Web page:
Dietary Protein-Induced Increases in Urinary Calcium Are Accompanied by Similar Increases in Urinary Nitrogen and Urinary Urea: A Controlled Clinical Trial

Jessica D. Bihuniak, Christine A. Simpson, Rebecca R. Sullivan, Donna M. Caseria, Jane E. Kerstetter, Karl L. Insogna

Research output: Contribution to journalArticle

Abstract

To determine the usefulness of urinary urea as an index of dietary protein intake, 10 postmenopausal women were enrolled in and completed a randomized, double-blind, cross-over feeding trial from September 2008 to May 2010 that compared 10 days of a 45-g whey supplement with 10 days of a 45-g maltodextrin control. Urinary nitrogen, urinary calcium, urinary urea, and bone turnover markers were measured at days 0, 7, and 10. Paired sample t tests, Pearson's correlation statistic, and simple linear regression were used to assess differences between treatments and associations among urinary metabolites. Urinary nitrogen/urinary creatinine rose from 12.3±1.7 g/g (99.6±13.8 mmol/mmol) to 16.8±2.2 g/g (135.5±17.8 mmol/mmol) with whey supplementation, but did not change with maltodextrin. Whey supplementation caused urinary calcium to rise by 4.76±1.84 mg (1.19±0.46 mmol) without a change in bone turnover markers. Because our goal was to estimate protein intake from urinary nitrogen/urinary creatinine, we used our data to develop the following equation: protein intake (g/day)=71.221+1.719×(urinary nitrogen, g)/creatinine, g) (R=0.46, R2=0.21). As a more rapid and less costly alternative to urinary nitrogen/urinary creatinine, we next determined whether urinary urea could predict protein intake and found that protein intake (g/day)=63.844+1.11×(urinary urea, g/creatinine, g) (R=0.58, R2=0.34). These data indicate that urinary urea/urinary creatinine is at least as good a marker of dietary protein intake as urinary nitrogen and is easier to quantitate in nutrition intervention trials.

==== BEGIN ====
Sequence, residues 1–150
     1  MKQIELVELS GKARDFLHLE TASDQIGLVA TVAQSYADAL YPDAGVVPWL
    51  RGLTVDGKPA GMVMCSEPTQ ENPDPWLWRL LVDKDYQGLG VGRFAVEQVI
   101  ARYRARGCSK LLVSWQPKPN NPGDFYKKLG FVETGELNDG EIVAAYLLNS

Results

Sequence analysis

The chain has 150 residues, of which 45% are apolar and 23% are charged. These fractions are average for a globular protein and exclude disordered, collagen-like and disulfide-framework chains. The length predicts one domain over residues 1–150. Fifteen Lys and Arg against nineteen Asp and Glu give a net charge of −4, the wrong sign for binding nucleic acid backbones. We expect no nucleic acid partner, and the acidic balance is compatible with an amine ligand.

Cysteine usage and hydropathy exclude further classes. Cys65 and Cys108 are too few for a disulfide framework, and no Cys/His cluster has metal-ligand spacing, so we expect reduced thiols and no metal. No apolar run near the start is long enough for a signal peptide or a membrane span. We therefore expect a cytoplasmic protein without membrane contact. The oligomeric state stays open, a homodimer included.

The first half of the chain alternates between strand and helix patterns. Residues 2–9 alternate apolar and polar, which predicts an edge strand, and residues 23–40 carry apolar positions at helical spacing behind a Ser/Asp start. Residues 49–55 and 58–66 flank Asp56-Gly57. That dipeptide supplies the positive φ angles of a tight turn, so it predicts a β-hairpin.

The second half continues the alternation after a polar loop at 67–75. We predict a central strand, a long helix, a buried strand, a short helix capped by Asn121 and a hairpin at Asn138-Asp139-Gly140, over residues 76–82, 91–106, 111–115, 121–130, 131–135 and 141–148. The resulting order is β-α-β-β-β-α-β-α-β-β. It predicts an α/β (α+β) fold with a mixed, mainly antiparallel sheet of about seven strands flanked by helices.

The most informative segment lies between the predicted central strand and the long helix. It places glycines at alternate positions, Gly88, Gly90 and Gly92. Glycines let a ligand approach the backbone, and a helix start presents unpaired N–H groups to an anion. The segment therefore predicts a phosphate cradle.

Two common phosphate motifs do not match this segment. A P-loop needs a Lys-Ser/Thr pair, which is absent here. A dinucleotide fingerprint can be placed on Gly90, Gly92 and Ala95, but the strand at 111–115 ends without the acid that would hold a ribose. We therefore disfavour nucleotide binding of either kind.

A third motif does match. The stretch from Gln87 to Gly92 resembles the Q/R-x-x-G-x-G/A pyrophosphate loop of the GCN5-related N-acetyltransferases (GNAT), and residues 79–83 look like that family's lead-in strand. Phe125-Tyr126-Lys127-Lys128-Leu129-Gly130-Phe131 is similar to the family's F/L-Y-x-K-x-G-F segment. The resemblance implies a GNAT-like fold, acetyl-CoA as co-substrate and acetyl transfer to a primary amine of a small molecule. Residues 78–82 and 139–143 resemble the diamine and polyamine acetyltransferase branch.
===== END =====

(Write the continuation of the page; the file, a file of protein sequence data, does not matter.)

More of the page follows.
Original languageEnglish (US)
Pages (from-to)447-451
Number of pages5
JournalJournal of the Academy of Nutrition and Dietetics
Volume113
Issue number3
DOIs
StatePublished - Mar 2013

Keywords

  • Urinary nitrogen
  • Urinary urea
  • Whey protein

ASJC Scopus subject areas

  • Food Science
  • Nutrition and Dietetics

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